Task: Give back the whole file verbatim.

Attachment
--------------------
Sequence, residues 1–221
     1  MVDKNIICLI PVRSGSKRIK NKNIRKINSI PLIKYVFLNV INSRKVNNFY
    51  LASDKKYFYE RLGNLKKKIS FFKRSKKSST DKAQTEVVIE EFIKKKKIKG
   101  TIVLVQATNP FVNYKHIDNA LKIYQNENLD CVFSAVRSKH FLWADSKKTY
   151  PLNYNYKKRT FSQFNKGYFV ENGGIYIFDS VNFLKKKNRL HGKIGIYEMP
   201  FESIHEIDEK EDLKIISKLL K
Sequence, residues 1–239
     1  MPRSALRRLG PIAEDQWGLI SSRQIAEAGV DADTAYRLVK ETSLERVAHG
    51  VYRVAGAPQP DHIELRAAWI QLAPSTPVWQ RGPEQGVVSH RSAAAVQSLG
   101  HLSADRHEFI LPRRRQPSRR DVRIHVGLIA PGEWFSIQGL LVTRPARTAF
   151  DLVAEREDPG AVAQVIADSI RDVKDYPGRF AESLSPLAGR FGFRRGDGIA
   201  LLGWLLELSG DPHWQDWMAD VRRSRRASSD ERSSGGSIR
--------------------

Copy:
Sequence, residues 1–221
     1  MVDKNIICLI PVRSGSKRIK NKNIRKINSI PLIKYVFLNV INSRKVNNFY
    51  LASDKKYFYE RLGNLKKKIS FFKRSKKSST DKAQTEVVIE EFIKKKKIKG
   101  TIVLVQATNP FVNYKHIDNA LKIYQNENLD CVFSAVRSKH FLWADSKKTY
   151  PLNYNYKKRT FSQFNKGYFV ENGGIYIFDS VNFLKKKNRL HGKIGIYEMP
   201  FESIHEIDEK EDLKIISKLL K
Sequence, residues 1–239
     1  MPRSALRRLG PIAEDQWGLI SSRQIAEAGV DADTAYRLVK ETSLERVAHG
    51  VYRVAGAPQP DHIELRAAWI QLAPSTPVWQ RGPEQGVVSH RSAAAVQSLG
   101  HLSADRHEFI LPRRRQPSRR DVRIHVGLIA PGEWFSIQGL LVTRPARTAF
   151  DLVAEREDPG AVAQVIADSI RDVKDYPGRF AESLSPLAGR FGFRRGDGIA
   201  LLGWLLELSG DPHWQDWMAD VRRSRRASSD ERSSGGSIR